3.17. μετὰ δὲ ταῦτα ὁ Καμβύσης ἐβουλεύσατο τριφασίας στρατηίας, ἐπί τε Καρχηδονίους καὶ ἐπὶ Ἀμμωνίους καὶ ἐπὶ τοὺς μακροβίους Αἰθίοπας, οἰκημένους δὲ Λιβύης ἐπὶ τῇ νοτίῃ θαλάσσῃ· βουλευομένῳ δέ οἱ ἔδοξε ἐπὶ μὲν Καρχηδονίους τὸν ναυτικὸν στρατὸν ἀποστέλλειν, ἐπὶ δὲ Ἀμμωνίους τοῦ πεζοῦ ἀποκρίναντα, ἐπὶ δὲ τοὺς Αἰθίοπας κατόπτας πρῶτον, ὀψομένους τε τὴν ἐν τούτοισι τοῖσι Αἰθίοψι λεγομένην εἶναι ἡλίου τράπεζαν εἰ ἔστι ἀληθέως, καὶ πρὸς ταύτῃ τὰ ἄλλα κατοψομένους, δῶρα δὲ τῷ λόγῳ φέροντας τῷ βασιλέι αὐτῶν. 3.18. ἡ δὲ τράπεζα τοῦ ἡλίου τοιήδε τις λέγεται εἶναι, λειμὼν ἐστὶ ἐν τῷ προαστείῳ ἐπίπλεος κρεῶν ἑφθῶν πάντων τῶν τετραπόδων, ἐς τὸν τὰς μὲν νύκτας ἐπιτηδεύοντας τιθέναι τὰ κρέα τοὺς ἐν τέλεϊ ἑκάστοτε ἐόντας τῶν ἀστῶν, τὰς δὲ ἡμέρας δαίνυσθαι προσιόντα τὸν βουλόμενον. φάναι δὲ τοὺς ἐπιχωρίους ταῦτα τὴν γῆν αὐτὴν ἀναδιδόναι ἑκάστοτε. 3.19. ἡ μὲν δὴ τράπεζα τοῦ ἡλίου καλεομένη λέγεται εἶναι τοιήδε. Καμβύσῃ δὲ ὡς ἔδοξε πέμπειν τοὺς κατασκόπους, αὐτίκα μετεπέμπετο ἐξ Ἐλεφαντίνης πόλιος τῶν Ἰχθυοφάγων ἀνδρῶν τοὺς ἐπισταμένους τὴν Αἰθιοπίδα γλῶσσαν. ἐν ᾧ δὲ τούτους μετήισαν, ἐν τούτῳ ἐκέλευε ἐπὶ τὴν Καρχηδόνα πλέειν τὸν ναυτικὸν στρατόν. Φοίνικες δὲ οὐκ ἔφασαν ποιήσειν ταῦτα· ὁρκίοισι γὰρ μεγάλοισι ἐνδεδέσθαι, καὶ οὐκ ἂν ποιέειν ὅσια ἐπὶ τοὺς παῖδας τοὺς ἑωυτῶν στρατευόμενοι. Φοινίκων δὲ οὐ βουλομένων οἱ λοιποὶ οὐκ ἀξιόμαχοι ἐγίνοντο. Καρχηδόνιοι μέν νυν οὕτω δουλοσύνην διέφυγον πρὸς Περσέων· Καμβύσης γὰρ βίην οὐκ ἐδικαίου προσφέρειν Φοίνιξι, ὅτι σφέας τε αὐτοὺς ἐδεδώκεσαν Πέρσῃσι καὶ πᾶς ἐκ Φοινίκων ἤρτητο ὁ ναυτικὸς στρατός. δόντες δὲ καὶ Κύπριοι σφέας αὐτοὺς Πέρσῃσι ἐστρατεύοντο ἐπʼ Αἴγυπτον. 3.20. ἐπείτε δὲ τῷ Καμβύσῃ ἐκ τῆς Ἐλεφαντίνης ἀπίκοντο οἱ Ἰχθυοφάγοι, ἔπεμπε αὐτοὺς ἐς τοὺς Αἰθίοπας ἐντειλάμενος τὰ λέγειν χρῆν καὶ δῶρα φέροντας πορφύρεόν τε εἷμα καὶ χρύσεον στρεπτὸν περιαυχένιον καὶ ψέλια καὶ μύρου ἀλάβαστρον καὶ φοινικηίου οἴνου κάδον. οἱ δὲ Αἰθίοπες οὗτοι, ἐς τοὺς ἀπέπεμπε ὁ Καμβύσης, λέγονται εἶναι μέγιστοι καὶ κάλλιστοι ἀνθρώπων πάντων. νόμοισι δὲ καὶ ἄλλοισι χρᾶσθαι αὐτοὺς κεχωρισμένοισι τῶν ἄλλων ἀνθρώπων καὶ δὴ καὶ κατὰ τὴν βασιληίην τοιῷδε· τὸν ἂν τῶν ἀστῶν κρίνωσι μέγιστόν τε εἶναι καὶ κατὰ τὸ μέγαθος ἔχειν τὴν ἰσχύν, τοῦτον ἀξιοῦσι βασιλεύειν. 3.21. ἐς τούτους δὴ ὦν τοὺς ἄνδρας ὡς ἀπίκοντο οἱ Ἰχθυοφάγοι, διδόντες τὰ δῶρα τῷ, βασιλέι αὐτῶν ἔλεγον τάδε. “βασιλεὺς ὁ Περσέων Καμβύσης, βουλόμενος φίλος καὶ ξεῖνός τοι γενέσθαι, ἡμέας τε ἀπέπεμψε ἐς λόγους τοι ἐλθεῖν κελεύων, καὶ δῶρα ταῦτά τοι διδοῖ τοῖσι καὶ αὐτὸς μάλιστα ἥδεται χρεώμενος.” ὁ δὲ Αἰθίοψ μαθὼν ὅτι κατόπται ἥκοιεν, λέγει πρὸς αὐτοὺς τοιάδε. “οὔτε ὁ Περσέων βασιλεὺς δῶρα ὑμέας ἔπεμψε φέροντας προτιμῶν πολλοῦ ἐμοὶ ξεῖνος γενέσθαι, οὔτε ὑμεῖς λέγετε ἀληθέα ʽἥκετε γὰρ κατόπται τῆς ἐμῆς ἀρχῆσ̓, οὔτε ἐκεῖνος ἀνήρ δίκαιος. εἰ γὰρ ἦν δίκαιος, οὔτʼ ἂν ἐπεθύμησε χώρης ἄλλης ἢ τῆς ἑωυτοῦ, οὔτʼ ἂν ἐς δουλοσύνην ἀνθρώπους ἦγε ὑπʼ ὧν μηδὲν ἠδίκηται. νῦν δὲ αὐτῷ τόξον τόδε διδόντες τάδε ἔπεα λέγετε.” “βασιλεὺς ὁ Αἰθιόπων συμβουλεύει τῷ Περσέων βασιλέι, ἐπεὰν οὕτω εὐπετέως ἕλκωσι τὰ τόξα Πέρσαι ἐόντα μεγάθεϊ τοσαῦτα, τότε ἐπʼ Αἰθίοπας τοὺς μακροβίους πλήθεϊ ὑπερβαλλόμενον στρατεύεσθαι· μέχρι δὲ τούτου θεοῖσι εἰδέναι χάριν, οἳ οὐκ ἐπὶ νόον τρέπουσι Αἰθιόπων παισὶ γῆν ἄλλην προσκτᾶσθαι τῇ ἑωυτῶν.” 3.22. ταῦτα δὲ εἴπας καὶ ἀνεὶς τὸ τόξον παρέδωκε τοῖσι ἥκουσι. λαβὼν δὲ τὸ εἷμα τὸ πορφύρεον εἰρώτα ὅ τι εἴη καὶ ὅκως πεποιημένον· εἰπόντων δὲ τῶν Ἰχθυοφάγων τὴν ἀληθείην περὶ τῆς πορφύρης καὶ τῆς βαφῆς, δολεροὺς μὲν τοὺς ἀνθρώπους ἔφη εἶναι, δολερὰ δὲ αὐτῶν τὰ εἵματα. δεύτερα δὲ τὸν χρυσὸν εἰρώτα τὸν στρεπτὸν τὸν περιαυχένιον καὶ τὰ ψέλια· ἐξηγεομένων δὲ τῶν Ἰχθυοφάγων τὸν κόσμον αὐτοῦ, γελάσας ὁ βασιλεὺς καὶ νομίσας εἶναι σφέα πέδας εἶπε ὡς παρʼ ἑωυτοῖσι εἰσὶ ῥωμαλεώτεραι τουτέων πέδαι. τρίτον δὲ εἰρώτα τὸ μύρον· εἰπόντων δὲ τῆς ποιήσιος πέρι καὶ ἀλείψιος, τὸν αὐτὸν λόγον τὸν καὶ περὶ τοῦ εἵματος εἶπε. ὡς δὲ ἐς τὸν οἶνον ἀπίκετο καὶ ἐπύθετο αὐτοῦ τὴν ποίησιν, ὑπερησθεὶς τῷ πόματι ἐπείρετο ὅ τι τε σιτέεται ὁ βασιλεὺς καὶ χρόνον ὁκόσον μακρότατον ἀνὴρ Πέρσης ζώει. οἳ δὲ σιτέεσθαι μὲν τὸν ἄρτον εἶπον, ἐξηγησάμενοι τῶν πυρῶν τὴν φύσιν, ὀγδώκοντα δὲ ἔτεα ζόης πλήρωμα ἀνδρὶ μακρότατον προκεῖσθαι. πρὸς ταῦτα ὁ Αἰθίοψ ἔφη οὐδὲν θωμάζειν εἰ σιτεόμενοι κόπρον ἔτεα ὀλίγα ζώουσι· οὐδὲ γὰρ ἂν τοσαῦτα δύνασθαι ζώειν σφέας, εἰ μὴ τῷ πόματι ἀνέφερον, φράζων τοῖσι Ἰχθυοφάγοισι τὸν οἶνον· τούτῳ γὰρ ἑωυτοὺς ὑπὸ Περσέων ἑσσοῦσθαι. 3.23. ἀντειρομένων δὲ τὸν βασιλέα τῶν Ἰχθυοφάγων τῆς ζόης καὶ διαίτης πέρι, ἔτεα μὲν ἐς εἴκοσι καὶ ἑκατὸν τοὺς πολλοὺς αὐτῶν ἀπικνέεσθαι, ὑπερβάλλειν δὲ τινὰς καὶ ταῦτα, σίτησιν δὲ εἶναι κρέα τε ἑφθὰ καὶ πόμα γάλα. θῶμα δὲ ποιευμένων τῶν κατασκόπων περὶ τῶν ἐτέων, ἐπὶ κρήνην σφι ἡγήσασθαι, ἀπʼ ἧς λουόμενοι λιπαρώτεροι ἐγίνοντο, κατά περ εἰ ἐλαίου εἴη· ὄζειν δὲ ἀπʼ αὐτῆς ὡς εἰ ἴων. ἀσθενὲς δὲ τὸ ὕδωρ τῆς κρήνης ταύτης οὕτω δή τι ἔλεγον εἶναι οἱ κατάσκοποι ὥστε μηδὲν οἷόν τʼ εἶναι ἐπʼ αὐτοῦ ἐπιπλέειν, μήτε ξύλον μήτε τῶν ὅσα ξύλου ἐστὶ ἐλαφρότερα, ἀλλὰ πάντα σφέα χωρέειν ἐς βυσσόν. τὸ δὲ ὕδωρ τοῦτο εἴ σφι ἐστὶ ἀληθέως οἷόν τι λέγεται, διὰ τοῦτο ἂν εἶεν, τούτῳ τὰ πάντα χρεώμενοι, μακρόβιοι. ἀπὸ τῆς κρήνης δὲ ἀπαλλασσομένων, ἀγαγεῖν σφεας ἐς δεσμωτήριον ἀνδρῶν, ἔνθα τοὺς πάντας ἐν πέδῃσι χρυσέῃσι δεδέσθαι. ἔστι δὲ ἐν τούτοισι τοῖσι Αἰθίοψι πάντων ὁ χαλκὸς σπανιώτατον καὶ τιμιώτατον. θεησάμενοι δὲ καὶ τὸ δεσμωτήριον, ἐθεήσαντο καὶ τὴν τοῦ ἡλίου λεγομένην τράπεζαν. 3.24. μετὰ δὲ ταύτην τελευταίας ἐθεήσαντο τὰς θήκας αὐτῶν, αἳ λέγονται σκευάζεσθαι ἐξ ὑέλου τρόπῳ τοιῷδε· ἐπεὰν τὸν νεκρὸν ἰσχνήνωσι, εἴτε δὴ κατά περ Αἰγύπτιοι εἴτε ἄλλως κως, γυψώσαντες ἅπαντα αὐτὸν γραφῇ κοσμέουσι, ἐξομοιεῦντες τὸ εἶδος ἐς τὸ δυνατόν, ἔπειτα δέ οἱ περιιστᾶσι στήλην ἐξ ὑέλου πεποιημένην κοίλην· ἣ δέ σφι πολλὴ καὶ εὐεργὸς ὀρύσσεται. ἐν μέσῃ δὲ τῇ στήλῃ ἐνεὼν διαφαίνεται ὁ νέκυς, οὔτε ὀδμὴν οὐδεμίαν ἄχαριν παρεχόμενος οὔτε ἄλλο ἀεικὲς οὐδέν, καὶ ἔχει πάντα φανερὰ ὁμοίως αὐτῷ τῷ νέκυϊ. ἐνιαυτὸν μὲν δὴ ἔχουσι τὴν στήλην ἐν τοῖσι οἰκίοισι οἱ μάλιστα προσήκοντες, πάντων ἀπαρχόμενοι καὶ θυσίας οἱ προσάγοντες· μετὰ δὲ ταῦτα ἐκκομίσαντες ἱστᾶσι περὶ τὴν πόλιν. 3.25. θεησάμενοι δὲ τὰ πάντα οἱ κατάσκοποι ἀπαλλάσσοντο ὀπίσω. ἀπαγγειλάντων δὲ ταῦτα τούτων, αὐτίκα ὁ Καμβύσης ὀργὴν ποιησάμενος ἐστρατεύετο ἐπὶ τοὺς Αἰθίοπας, οὔτε παρασκευὴν σίτου οὐδεμίαν παραγγείλας, οὔτε λόγον ἑωυτῷ δοὺς ὅτι ἐς τὰ ἔσχατα γῆς ἔμελλε στρατεύεσθαι· οἷα δὲ ἐμμανής τε ἐὼν καὶ οὐ φρενήρης, ὡς ἤκουε τῶν Ἰχθυοφάγων, ἐστρατεύετο, Ἑλλήνων μὲν τοὺς παρεόντας αὐτοῦ τάξας ὑπομένειν, τὸν δὲ πεζὸν πάντα ἅμα ἀγόμενος. ἐπείτε δὲ στρατευόμενος ἐγένετο ἐν Θήβῃσι, ἀπέκρινε τοῦ στρατοῦ ὡς πέντε μυριάδας, καὶ τούτοισι μὲν ἐνετέλλετο Ἀμμωνίους ἐξανδραποδισαμένους τὸ χρηστήριον τὸ τοῦ Διὸς ἐμπρῆσαι, αὐτὸς δὲ τὸν λοιπὸν ἄγων στρατὸν ἤιε ἐπὶ τοὺς Αἰθίοπας. πρὶν δὲ τῆς ὁδοῦ τὸ πέμπτον μέρος διεληλυθέναι τὴν στρατιήν, αὐτίκα πάντα αὐτοὺς τὰ εἶχον σιτίων ἐχόμενα ἐπελελοίπεε, μετὰ δὲ τὰ σιτία καὶ τὰ ὑποζύγια ἐπέλιπε κατεσθιόμενα. εἰ μέν νυν μαθὼν ταῦτα ὁ Καμβύσης ἐγνωσιμάχεε καὶ ἀπῆγε ὀπίσω τὸν στρατόν, ἐπὶ τῇ ἀρχῆθεν γενομένῃ ἁμαρτάδι ἦν ἂν ἀνὴρ σοφός· νῦν δὲ οὐδένα λόγον ποιεύμενος ἤιε αἰεὶ ἐς τὸ πρόσω. οἱ δὲ στρατιῶται ἕως μέν τι εἶχον ἐκ τῆς γῆς λαμβάνειν, ποιηφαγέοντες διέζωον, ἐπεὶ δὲ ἐς τὴν ψάμμον ἀπίκοντο, δεινὸν ἔργον αὐτῶν τινες ἐργάσαντο· ἐκ δεκάδος γὰρ ἕνα σφέων αὐτῶν ἀποκληρώσαντες κατέφαγον. πυθόμενος δὲ ταῦτα ὁ Καμβύσης, δείσας τὴν ἀλληλοφαγίην, ἀπεὶς τὸν ἐπʼ Αἰθίοπας στόλον ὀπίσω ἐπορεύετο καὶ ἀπικνέεται ἐς Θήβας πολλοὺς ἀπολέσας τοῦ στρατοῦ· ἐκ Θηβέων δὲ καταβὰς ἐς Μέμφιν τοὺς Ἕλληνας ἀπῆκε ἀποπλέειν.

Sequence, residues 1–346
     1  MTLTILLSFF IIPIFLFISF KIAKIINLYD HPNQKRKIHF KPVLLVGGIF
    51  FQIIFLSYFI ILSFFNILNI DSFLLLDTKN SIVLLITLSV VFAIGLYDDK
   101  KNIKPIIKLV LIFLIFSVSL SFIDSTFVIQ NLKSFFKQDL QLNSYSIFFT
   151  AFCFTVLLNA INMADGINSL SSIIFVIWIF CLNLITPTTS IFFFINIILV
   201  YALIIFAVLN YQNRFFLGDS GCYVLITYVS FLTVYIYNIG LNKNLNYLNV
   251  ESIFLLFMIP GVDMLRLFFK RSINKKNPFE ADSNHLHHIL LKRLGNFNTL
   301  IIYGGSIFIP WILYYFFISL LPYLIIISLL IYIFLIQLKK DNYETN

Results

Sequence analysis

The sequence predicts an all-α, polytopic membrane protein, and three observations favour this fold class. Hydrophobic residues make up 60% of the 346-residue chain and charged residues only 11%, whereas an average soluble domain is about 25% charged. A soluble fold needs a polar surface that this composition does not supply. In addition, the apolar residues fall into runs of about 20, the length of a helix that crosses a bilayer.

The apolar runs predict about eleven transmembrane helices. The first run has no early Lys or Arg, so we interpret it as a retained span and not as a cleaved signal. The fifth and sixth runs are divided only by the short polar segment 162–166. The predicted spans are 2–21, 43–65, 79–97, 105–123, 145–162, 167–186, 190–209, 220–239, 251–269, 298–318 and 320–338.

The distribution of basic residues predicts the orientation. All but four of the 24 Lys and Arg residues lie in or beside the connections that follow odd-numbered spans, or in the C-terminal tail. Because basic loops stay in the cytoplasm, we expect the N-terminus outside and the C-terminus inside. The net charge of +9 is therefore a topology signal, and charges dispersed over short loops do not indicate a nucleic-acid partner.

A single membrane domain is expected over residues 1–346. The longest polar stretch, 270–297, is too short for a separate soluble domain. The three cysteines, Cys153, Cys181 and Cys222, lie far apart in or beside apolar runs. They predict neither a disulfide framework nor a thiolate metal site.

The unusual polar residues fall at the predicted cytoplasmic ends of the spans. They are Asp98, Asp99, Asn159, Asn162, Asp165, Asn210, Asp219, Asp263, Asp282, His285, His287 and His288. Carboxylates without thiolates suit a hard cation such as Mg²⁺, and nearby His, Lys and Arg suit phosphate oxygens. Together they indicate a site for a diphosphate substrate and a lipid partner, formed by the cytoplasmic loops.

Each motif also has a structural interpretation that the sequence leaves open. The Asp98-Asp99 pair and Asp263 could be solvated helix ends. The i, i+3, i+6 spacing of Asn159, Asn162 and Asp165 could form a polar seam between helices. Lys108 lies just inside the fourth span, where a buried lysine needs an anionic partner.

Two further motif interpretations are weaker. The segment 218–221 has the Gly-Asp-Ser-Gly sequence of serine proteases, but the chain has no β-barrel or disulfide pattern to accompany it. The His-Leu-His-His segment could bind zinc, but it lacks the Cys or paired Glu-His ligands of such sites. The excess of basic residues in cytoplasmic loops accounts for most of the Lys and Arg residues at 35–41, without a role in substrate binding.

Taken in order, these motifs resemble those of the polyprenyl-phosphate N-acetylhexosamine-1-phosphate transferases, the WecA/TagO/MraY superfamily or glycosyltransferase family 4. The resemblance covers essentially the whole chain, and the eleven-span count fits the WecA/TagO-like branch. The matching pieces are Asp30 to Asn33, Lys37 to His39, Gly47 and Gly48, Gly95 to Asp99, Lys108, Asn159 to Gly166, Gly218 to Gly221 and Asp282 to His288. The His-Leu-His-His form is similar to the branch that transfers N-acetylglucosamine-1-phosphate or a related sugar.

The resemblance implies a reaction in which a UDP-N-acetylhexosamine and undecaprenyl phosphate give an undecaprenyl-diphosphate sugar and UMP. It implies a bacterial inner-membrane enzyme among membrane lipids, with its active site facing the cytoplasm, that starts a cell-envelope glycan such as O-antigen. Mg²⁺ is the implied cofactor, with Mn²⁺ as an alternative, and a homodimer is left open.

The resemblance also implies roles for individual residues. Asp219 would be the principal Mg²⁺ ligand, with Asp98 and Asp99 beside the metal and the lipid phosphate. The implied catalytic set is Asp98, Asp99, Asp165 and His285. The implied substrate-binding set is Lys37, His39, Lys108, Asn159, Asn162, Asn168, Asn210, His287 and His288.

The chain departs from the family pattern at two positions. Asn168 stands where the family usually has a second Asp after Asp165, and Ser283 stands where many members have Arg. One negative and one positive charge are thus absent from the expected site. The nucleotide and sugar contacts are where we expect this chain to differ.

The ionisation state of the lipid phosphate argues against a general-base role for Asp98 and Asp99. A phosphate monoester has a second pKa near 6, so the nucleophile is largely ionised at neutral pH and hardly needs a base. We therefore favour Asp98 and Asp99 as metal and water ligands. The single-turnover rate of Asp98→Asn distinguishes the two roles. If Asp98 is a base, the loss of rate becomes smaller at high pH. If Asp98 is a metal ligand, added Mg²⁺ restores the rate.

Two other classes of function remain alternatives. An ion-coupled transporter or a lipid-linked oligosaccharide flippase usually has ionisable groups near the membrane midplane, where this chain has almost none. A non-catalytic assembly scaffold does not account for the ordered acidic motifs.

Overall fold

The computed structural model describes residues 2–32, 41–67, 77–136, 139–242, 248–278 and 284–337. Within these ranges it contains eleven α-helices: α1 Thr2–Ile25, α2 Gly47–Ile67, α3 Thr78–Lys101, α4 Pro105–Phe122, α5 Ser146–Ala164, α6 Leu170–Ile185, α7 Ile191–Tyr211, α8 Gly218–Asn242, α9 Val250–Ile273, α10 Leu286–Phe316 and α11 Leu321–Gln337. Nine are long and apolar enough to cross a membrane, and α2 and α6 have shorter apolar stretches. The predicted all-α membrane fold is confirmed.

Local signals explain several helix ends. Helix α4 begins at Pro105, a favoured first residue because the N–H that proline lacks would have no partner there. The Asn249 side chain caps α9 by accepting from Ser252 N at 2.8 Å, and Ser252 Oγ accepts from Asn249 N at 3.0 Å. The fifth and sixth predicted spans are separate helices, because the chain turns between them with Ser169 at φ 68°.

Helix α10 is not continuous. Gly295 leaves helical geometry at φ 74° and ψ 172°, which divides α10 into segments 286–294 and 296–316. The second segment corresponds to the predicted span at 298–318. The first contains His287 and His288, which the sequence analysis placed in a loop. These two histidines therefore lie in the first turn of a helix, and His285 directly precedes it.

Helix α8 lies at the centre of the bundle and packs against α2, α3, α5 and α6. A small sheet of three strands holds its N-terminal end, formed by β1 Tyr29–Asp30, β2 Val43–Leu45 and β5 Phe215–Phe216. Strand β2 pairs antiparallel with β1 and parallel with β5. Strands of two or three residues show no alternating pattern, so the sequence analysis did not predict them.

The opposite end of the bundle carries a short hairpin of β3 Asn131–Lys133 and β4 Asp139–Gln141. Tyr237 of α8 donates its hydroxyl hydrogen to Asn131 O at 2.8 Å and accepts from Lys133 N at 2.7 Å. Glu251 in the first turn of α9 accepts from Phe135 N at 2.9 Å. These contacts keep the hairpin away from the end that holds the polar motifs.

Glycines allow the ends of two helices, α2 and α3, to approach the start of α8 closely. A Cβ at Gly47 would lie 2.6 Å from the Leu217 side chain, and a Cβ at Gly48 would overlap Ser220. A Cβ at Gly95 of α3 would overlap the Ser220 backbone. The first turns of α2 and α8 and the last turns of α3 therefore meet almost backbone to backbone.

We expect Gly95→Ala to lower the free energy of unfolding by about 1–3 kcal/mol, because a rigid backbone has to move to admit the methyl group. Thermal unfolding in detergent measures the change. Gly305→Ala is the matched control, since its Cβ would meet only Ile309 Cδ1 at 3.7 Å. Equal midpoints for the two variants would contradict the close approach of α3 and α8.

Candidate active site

3.131. ὁ δὲ Δημοκήδης οὗτος ὧδε ἐκ Κρότωνος ἀπιγμένος Πολυκράτεϊ ὡμίλησε· πατρὶ συνείχετο ἐν τῇ Κρότωνι ὀργὴν χαλεπῷ· τοῦτον ἐπείτε οὐκ ἐδύνατο φέρειν, ἀπολιπὼν οἴχετο ἐς Αἴγιναν. καταστὰς δὲ ἐς ταύτην πρώτῳ ἔτεϊ ὑπερεβάλετο τοὺς ἄλλους ἰητρούς, ἀσκευής περ ἐὼν καὶ ἔχων οὐδὲν τῶν ὅσα περὶ τὴν τέχνην ἐστὶ ἐργαλήια. καί μιν δευτέρῳ ἔτεϊ ταλάντου Αἰγινῆται δημοσίῃ μισθοῦνται, τρίτῳ δὲ ἔτεϊ Ἀθηναῖοι ἑκατὸν μνέων, τετάρτῳ δὲ ἔτεϊ Πολυκράτης δυῶν ταλάντων. οὕτω μὲν ἀπίκετο ἐς τὴν Σάμον, καὶ ἀπὸ τούτου τοῦ ἀνδρὸς οὐκ ἥκιστα Κροτωνιῆται ἰητροὶ εὐδοκίμησαν. ἐγένετο γὰρ ὦν τοῦτο ὅτε πρῶτοι μὲν Κροτωνιῆται ἰητροὶ ἐλέγοντο ἀνὰ τὴν Ἑλλάδα εἶναι, δεύτεροι δὲ Κυρηναῖοι. κατὰ τὸν αὐτὸν δὲ τοῦτον χρόνον καὶ Ἀργεῖοι ἤκουον μουσικὴν εἶναι Ἑλλήνων πρῶτοι. 1' '. None